•An honours degree in psychology which has not been accredited by the British Psychological Society •An ordinary degree in psychology, or •A degree in a subject other than psychology. •Applicants must also have studied at least half an academic year’s worth of psychology (particularly in case 3 above), although they can undertake a foundation program at the University of Gloucestershire if this is not the case. •You will need at least a 2.2 Honours degree or equivalent in a relevant subject •Mature students with substantial relevant work experience may be considered without a degree qualification •We particularly welcome applicants with qualifications or experience in areas such as: Biology, Animal Biology, Ecology, Zoology, Geography or Environmental Sciences •International students need IELTS 6.5 overall (no less than 6.0 in writing and 5.5 in any other band) or equivalent.
Months of entry
- combine industry-standard techniques with academic theory to progress your career in ecology or conservation
- work on live site-based projects with organisations such as the Royal Society of Biology, with the option to participate in overseas fieldwork.
- learn from research-active tutors experienced in a range of specialist subjects and consultancy disciplines
Our MSc in Applied Ecology provides students with the advanced knowledge and skills required for employment in all areas of practical ecology and conservation. Students follow a curriculum with a highly practical emphasis and undertake hands-on exercises in field and laboratory settings.
In the field, you will cover identification skills for a wide range of species in several key taxonomic groups as well as industry-standard survey techniques such as phase 1 habitat surveying, habitat condition assessments, national vegetation classification and bird territory mapping. Laboratory sessions will include use of microscopes in taxonomy and analysis of environmental parameters, such as water oxygen levels and soil nutrient status, to enable better understanding of species-environment interactions.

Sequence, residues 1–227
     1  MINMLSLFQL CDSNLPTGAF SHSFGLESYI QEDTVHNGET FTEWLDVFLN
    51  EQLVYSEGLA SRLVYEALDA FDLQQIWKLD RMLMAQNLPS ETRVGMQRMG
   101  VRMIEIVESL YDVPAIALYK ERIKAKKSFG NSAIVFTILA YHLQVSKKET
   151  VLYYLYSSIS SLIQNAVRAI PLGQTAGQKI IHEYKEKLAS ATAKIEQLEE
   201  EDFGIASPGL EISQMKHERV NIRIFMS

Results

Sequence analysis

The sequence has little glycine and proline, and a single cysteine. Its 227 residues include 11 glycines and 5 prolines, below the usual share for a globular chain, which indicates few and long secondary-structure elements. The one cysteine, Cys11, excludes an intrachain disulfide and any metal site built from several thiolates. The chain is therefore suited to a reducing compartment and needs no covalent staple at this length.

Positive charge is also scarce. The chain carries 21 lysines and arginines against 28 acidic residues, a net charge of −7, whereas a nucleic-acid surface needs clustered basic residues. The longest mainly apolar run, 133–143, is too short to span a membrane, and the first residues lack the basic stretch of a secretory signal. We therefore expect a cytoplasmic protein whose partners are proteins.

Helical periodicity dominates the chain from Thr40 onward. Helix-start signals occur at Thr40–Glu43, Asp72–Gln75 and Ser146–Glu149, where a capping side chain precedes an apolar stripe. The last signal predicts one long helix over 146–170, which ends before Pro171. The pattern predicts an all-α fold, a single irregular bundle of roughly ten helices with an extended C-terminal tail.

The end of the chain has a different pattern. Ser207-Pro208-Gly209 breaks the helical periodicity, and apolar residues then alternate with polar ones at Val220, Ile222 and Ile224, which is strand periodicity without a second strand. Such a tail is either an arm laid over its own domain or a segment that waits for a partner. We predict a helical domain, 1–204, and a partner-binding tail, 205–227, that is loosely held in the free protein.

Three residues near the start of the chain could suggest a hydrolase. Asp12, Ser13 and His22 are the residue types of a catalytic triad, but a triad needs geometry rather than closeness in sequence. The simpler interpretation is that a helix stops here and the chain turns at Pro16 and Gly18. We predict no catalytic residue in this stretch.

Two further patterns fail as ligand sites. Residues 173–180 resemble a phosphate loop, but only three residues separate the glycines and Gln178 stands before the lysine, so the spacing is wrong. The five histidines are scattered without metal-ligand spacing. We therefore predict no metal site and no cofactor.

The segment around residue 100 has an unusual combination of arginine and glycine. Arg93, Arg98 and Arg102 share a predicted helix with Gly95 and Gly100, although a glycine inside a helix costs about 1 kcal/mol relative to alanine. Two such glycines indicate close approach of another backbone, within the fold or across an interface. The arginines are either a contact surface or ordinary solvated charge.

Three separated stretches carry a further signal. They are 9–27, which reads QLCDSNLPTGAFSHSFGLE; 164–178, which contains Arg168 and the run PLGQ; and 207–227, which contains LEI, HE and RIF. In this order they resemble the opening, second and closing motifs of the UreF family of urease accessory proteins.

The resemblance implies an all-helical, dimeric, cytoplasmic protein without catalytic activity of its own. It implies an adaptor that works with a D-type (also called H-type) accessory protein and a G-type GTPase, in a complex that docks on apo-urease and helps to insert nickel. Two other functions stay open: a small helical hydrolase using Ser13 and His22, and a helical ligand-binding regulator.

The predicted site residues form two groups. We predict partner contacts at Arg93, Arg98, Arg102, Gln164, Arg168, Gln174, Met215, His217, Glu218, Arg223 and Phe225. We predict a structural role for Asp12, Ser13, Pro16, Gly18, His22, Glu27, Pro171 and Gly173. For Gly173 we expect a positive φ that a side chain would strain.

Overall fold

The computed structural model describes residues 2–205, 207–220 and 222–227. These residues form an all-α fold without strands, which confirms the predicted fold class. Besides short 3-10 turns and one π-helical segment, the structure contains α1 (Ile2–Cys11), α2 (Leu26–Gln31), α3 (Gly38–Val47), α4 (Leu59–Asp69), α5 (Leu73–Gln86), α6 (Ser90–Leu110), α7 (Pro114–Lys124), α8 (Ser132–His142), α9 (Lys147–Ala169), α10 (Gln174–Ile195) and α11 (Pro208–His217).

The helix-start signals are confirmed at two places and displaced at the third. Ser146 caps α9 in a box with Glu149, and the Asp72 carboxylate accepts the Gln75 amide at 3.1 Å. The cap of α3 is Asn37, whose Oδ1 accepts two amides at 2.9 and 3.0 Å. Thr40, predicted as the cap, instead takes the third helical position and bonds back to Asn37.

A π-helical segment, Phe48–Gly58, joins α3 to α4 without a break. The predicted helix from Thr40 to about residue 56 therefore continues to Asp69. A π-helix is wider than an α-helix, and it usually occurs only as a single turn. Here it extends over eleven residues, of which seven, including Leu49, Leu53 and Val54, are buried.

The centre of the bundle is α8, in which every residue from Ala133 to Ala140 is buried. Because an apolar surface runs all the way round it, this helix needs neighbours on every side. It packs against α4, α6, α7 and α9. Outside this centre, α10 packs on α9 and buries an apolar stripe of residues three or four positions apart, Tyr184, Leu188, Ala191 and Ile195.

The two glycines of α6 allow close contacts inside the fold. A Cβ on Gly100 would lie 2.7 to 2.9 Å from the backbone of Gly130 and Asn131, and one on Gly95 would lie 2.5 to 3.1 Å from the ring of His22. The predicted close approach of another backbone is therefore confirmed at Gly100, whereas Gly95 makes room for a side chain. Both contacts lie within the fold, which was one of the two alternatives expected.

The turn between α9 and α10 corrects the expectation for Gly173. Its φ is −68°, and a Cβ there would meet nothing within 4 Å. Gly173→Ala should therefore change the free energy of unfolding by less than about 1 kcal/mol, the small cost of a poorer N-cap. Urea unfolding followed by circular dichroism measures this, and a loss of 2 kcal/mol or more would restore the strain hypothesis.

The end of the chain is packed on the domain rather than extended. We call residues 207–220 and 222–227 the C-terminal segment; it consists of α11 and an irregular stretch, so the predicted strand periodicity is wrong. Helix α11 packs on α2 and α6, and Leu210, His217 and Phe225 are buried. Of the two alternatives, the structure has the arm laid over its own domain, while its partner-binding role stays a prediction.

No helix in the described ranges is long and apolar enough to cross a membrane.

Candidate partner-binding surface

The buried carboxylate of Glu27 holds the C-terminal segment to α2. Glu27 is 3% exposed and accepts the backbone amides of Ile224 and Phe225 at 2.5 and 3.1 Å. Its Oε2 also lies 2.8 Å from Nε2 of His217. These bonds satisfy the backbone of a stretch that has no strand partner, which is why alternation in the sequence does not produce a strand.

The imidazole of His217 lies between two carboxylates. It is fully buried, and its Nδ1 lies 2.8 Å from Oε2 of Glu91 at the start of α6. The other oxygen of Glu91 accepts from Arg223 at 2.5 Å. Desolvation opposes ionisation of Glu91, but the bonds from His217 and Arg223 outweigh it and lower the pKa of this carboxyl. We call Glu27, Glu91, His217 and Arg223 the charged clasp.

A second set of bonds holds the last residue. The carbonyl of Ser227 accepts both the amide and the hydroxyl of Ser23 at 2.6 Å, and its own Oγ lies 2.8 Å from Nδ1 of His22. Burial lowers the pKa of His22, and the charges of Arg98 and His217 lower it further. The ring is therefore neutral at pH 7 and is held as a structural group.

There will be numerous opportunities to work on projects with linked organisations including wildlife trusts, zoos and wildlife parks, charities and public authorities, with the expectation that assignments, and especially dissertation work, will have direct impact on the understanding and management of species and their environments. There is the option to take a residential field trip; this currently takes place on a wildlife reserve in South Africa.
The course is underpinned by the applied research expertise of the teaching team in applied ecology, including conservation of species, biotic responses to climate change, avian and mammal biology, insect behaviour and evolution, non-native species introductions, population and community ecology, and environmental biology. An additional theme of citizen science develops awareness of the role of public engagement in surveying and conserving species in the wider environment.
Qualification and course duration
Course contact details
- Enquiries Team
- 03330 141414